Today we are interviewing Kay Castaneda, author of EMMIE OF INDIANAPOLIS. Thank you for being here today.
- When did you start writing and how did that come about? I started writing in high school when my one of my assignments was to write a short story. I wrote about toy soldiers coming to life. I think I had them talking to each other although I don’t remember any of the dialogue. My English teacher made some comments on the paper about the premise of my story, that it was unbelievable. Toys would never come to life! I wonder what she thought of the movie Toy Story? I always had good grammar and spelling, so she couldn’t fault me with that. I continued writing but stuck to poetry until I went to college. My major was English so I was required to write a lot. I discovered I wanted to concentrate in creative writing. I still keep in touch with some of my English professors.
- Tell us about you, what you want readers to know. I am retired from teaching English now. I taught Composition to first-year college students. I’ve been married for 39 years and have one son. I grew up in Indiana and lived there until my husband retired a few months ago. We moved to Mexico where we now live. I’m in the process of making my writing office, although I’ve found I like the dining room better. I have a good view in three directions so I have plenty of inspiration for my writing. The small town where we live is different from the suburbs back in the Midwest. People walk around more here to shop, work and get around so I see plenty of potential characters for future books and stories!
- Do you have suggestions for new authors? Tell us how you started and what struggles you overcame. I had some stories and poems published before I wrote my book. I always wanted to write a novel since I was young. My husband and I owned a gift shop. I had plenty of time when no customers were in the store. One day, I was bored so I began writing some notes for a book. I planned to write a collection of short stories based on a theme of people who lived in my area. It was going to involve history, famous landmarks and events of the past. Since it would be fiction, I started to make up names of the protagonists for each story. I planned to have twelve stories, so I made a list of twelve names. One of the names stood out more than the others. Emmie O’Brien. That’s how I got the inspiration to write my first novel, Emmie of Indianapolis. Because the novel has religion in it, I didn’t want an editor to interfere and tell me to take out parts that were important to keep. I wanted control. Self-publishing offered me total control as the author, editor, and publisher. I didn’t have experience with the format and that really was a problem. I went through my bookshelf to research how other authors structured their novels. It only took me two months to write my book, but I spent a year after that revising and formatting the novel for publication. Publishing my ebook was especially difficult for me because I had to learn about pdf, .mobi, .epub and other things. It was like learning a foreign language. I couldn’t pay anyone to do this so I was on my own.
- How do you structure your works and what is your current work in process? My first novel is structured around one year in Emmie’s life. I used holidays and important events in her life for each chapter. My work in process is a mystery with Emmie as the teen protagonist. She finds herself in the role of amateur sleuth. This takes place in the 1960s in the Midwest. Emmie is now 15, in high school and works part-time at the library. Some of the characters from the first novel make their appearance in the second one such as Emmie’s friends and family. It’s a light mystery that I hope to continue as a series. The working title is Go Find Iris Rose: An Emmie O’Brien Mystery. Emmie searches for an elderly woman who she’s familiar with from the library. At the time, I can’t decide whether the missing woman ends up dead or not! The outline for the book is complete, but it might change. Chapter one is finished. Yesterday, I started on chapter two. I plan to complete the book by April.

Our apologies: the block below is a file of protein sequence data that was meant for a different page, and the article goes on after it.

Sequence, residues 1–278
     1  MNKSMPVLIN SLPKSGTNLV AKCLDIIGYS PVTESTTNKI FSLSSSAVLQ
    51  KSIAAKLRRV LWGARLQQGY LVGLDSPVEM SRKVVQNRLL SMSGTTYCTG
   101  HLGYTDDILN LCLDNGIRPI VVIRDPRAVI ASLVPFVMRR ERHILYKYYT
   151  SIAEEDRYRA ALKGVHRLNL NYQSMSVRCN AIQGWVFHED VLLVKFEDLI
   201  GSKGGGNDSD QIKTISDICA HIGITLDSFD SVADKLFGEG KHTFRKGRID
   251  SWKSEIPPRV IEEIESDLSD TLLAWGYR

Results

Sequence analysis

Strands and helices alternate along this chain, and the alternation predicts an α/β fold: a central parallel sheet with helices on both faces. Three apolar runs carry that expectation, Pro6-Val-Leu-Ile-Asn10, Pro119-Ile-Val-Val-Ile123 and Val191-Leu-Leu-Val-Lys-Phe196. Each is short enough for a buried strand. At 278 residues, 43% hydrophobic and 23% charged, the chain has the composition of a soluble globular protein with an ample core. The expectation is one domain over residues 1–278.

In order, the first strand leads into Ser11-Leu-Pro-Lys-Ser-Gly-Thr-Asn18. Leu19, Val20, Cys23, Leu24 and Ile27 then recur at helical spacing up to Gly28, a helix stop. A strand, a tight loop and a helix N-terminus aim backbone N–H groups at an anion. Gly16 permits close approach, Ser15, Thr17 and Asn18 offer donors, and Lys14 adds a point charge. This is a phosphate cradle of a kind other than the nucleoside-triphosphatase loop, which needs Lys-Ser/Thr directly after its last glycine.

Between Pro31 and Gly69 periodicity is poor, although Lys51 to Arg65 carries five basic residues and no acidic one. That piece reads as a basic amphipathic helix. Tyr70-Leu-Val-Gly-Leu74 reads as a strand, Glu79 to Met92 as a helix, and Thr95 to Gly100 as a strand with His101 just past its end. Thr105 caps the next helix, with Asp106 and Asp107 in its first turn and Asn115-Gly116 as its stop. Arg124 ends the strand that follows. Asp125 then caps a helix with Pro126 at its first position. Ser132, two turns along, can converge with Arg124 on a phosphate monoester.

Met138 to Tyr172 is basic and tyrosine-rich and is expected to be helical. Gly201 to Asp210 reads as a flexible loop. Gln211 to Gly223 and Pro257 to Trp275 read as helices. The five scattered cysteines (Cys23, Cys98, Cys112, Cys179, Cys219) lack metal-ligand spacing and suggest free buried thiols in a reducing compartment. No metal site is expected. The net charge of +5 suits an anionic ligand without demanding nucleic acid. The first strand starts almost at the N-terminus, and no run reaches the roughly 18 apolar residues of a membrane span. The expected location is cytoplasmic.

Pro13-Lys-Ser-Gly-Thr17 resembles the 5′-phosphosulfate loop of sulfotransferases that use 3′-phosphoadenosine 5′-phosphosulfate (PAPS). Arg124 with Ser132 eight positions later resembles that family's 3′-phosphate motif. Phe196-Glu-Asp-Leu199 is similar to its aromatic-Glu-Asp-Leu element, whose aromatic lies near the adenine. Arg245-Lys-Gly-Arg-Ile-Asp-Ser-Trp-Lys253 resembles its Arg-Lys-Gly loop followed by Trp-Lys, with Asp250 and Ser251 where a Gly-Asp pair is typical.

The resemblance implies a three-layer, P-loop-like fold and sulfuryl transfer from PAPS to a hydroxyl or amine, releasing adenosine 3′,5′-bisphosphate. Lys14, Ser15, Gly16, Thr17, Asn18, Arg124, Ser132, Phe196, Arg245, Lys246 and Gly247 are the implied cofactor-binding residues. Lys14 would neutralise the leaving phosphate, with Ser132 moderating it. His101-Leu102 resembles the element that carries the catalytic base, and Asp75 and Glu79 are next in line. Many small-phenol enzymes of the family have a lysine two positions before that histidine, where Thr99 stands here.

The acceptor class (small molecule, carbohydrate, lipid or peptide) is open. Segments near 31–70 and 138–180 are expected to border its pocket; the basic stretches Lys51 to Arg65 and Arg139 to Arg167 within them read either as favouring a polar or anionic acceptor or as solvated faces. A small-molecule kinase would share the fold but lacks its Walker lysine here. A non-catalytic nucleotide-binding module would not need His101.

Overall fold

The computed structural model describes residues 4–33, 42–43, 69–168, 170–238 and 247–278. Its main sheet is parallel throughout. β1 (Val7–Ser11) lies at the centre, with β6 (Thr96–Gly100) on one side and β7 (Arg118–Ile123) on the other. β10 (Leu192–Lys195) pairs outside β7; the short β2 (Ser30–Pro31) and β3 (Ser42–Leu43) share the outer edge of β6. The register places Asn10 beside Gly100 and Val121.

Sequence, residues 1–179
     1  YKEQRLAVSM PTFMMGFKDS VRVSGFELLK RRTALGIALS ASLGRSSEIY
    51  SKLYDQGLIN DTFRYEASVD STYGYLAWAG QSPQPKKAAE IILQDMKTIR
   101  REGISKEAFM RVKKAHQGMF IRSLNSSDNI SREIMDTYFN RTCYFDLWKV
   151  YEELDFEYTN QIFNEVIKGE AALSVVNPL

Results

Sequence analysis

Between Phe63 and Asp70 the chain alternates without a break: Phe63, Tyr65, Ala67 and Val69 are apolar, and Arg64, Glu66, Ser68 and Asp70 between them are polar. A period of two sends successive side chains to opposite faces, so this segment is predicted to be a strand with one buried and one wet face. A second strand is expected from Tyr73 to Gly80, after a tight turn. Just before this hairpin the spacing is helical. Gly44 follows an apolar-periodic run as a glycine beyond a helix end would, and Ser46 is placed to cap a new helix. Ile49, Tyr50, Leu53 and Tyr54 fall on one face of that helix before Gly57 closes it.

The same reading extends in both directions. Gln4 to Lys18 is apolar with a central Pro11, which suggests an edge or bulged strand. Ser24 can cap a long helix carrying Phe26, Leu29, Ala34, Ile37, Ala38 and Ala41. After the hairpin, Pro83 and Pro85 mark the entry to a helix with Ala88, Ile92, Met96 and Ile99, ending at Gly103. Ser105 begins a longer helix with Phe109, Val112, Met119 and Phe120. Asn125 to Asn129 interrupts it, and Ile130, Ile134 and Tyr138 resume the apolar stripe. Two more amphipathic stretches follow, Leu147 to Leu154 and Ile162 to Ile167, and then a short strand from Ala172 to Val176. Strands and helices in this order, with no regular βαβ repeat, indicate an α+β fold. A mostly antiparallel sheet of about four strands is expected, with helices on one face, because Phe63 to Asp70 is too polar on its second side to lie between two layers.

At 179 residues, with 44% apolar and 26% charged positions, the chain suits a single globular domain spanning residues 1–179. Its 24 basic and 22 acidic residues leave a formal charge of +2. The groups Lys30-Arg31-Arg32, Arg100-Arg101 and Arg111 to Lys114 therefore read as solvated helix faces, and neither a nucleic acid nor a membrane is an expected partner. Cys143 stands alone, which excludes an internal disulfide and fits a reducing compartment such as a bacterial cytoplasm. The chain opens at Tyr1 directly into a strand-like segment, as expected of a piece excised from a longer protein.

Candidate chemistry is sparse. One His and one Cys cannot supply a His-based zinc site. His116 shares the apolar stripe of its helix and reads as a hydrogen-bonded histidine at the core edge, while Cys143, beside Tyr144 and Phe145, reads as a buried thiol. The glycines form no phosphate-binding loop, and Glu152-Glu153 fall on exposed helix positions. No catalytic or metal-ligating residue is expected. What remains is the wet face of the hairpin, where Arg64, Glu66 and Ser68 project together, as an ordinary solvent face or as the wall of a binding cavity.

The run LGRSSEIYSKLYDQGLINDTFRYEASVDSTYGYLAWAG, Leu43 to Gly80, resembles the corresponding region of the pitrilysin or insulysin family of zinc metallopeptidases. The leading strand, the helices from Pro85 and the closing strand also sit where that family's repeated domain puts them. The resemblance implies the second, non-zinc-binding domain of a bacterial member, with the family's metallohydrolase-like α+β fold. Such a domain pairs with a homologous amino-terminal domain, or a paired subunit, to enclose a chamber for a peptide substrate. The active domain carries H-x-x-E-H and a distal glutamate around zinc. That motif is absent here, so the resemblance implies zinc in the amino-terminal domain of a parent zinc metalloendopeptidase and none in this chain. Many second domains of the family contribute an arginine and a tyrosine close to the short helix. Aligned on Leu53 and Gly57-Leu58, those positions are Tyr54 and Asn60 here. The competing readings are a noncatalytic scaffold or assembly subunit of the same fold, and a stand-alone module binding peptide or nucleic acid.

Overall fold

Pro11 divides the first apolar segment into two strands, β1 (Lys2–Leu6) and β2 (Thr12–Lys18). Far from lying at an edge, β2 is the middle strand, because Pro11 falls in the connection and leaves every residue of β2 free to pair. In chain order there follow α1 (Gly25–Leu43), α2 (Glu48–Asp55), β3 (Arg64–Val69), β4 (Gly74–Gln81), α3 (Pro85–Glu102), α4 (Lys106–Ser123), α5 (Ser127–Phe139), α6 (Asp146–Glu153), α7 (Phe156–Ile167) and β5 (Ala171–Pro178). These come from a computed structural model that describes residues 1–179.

- How do you relax? Travel, anything you like to do in your downtime? Relaxing to me involves reading. I like memoirs and novels with a strong female heroine. I don’t like fantasy, science fiction or paranormal stories. Historical fiction is one favorite, especially anything about World War I and II. I also love to read about science, other cultures, religion and politics. I love traveling. My husband and I took a trip to Europe for our twenty-fifth anniversary. We flew from the US to Ireland first, took the ferry to England and then rode the trains from France down to Italy. I was fortunate to attend writing seminars in Lithuania and Scotland. I have outlines for novels based on my experiences in both places.
- Chocolate or vanilla? Chocolate, of course! Cake, brownies, fudge, cookies, anything with chocolate. I collect cookbooks, and the majority of them are about chocolate. But when I get ice cream, it’s always vanilla.
- Have you thought of writing a screenplay? Yes, I’ve thought about this. It would involve research and maybe attending screenwriting classes. So that’s something I may do in the future. If I did write a play, it would probably be comedy.
- Name one actor you think would make the perfect protagonist in your book and why? I don’t watch many movies or television, so I’m not familiar with any actresses. It would have to be a female who is either a teenager or who could look and act like a teen girl from the Midwest. For my first book, I chose a cover that features a young girl similar to how Emmie looks in my mind. I sketched a portrait of her and want to paint her in the future.
- If you could move in time, such as going back in time or to the future, which would you choose and why? The future is scary to me! I wouldn’t want to go back too far in time. The era of 1920s-30s when Americans lived in France intrigues me. I would like to see how it was hanging around all those expatriates such as Hemingway, Fitzgerald, Gertrude Stein and the other writers-the Lost Generation as they’re known. The fashions of that era are my favorite styles. Maybe I will write about that time.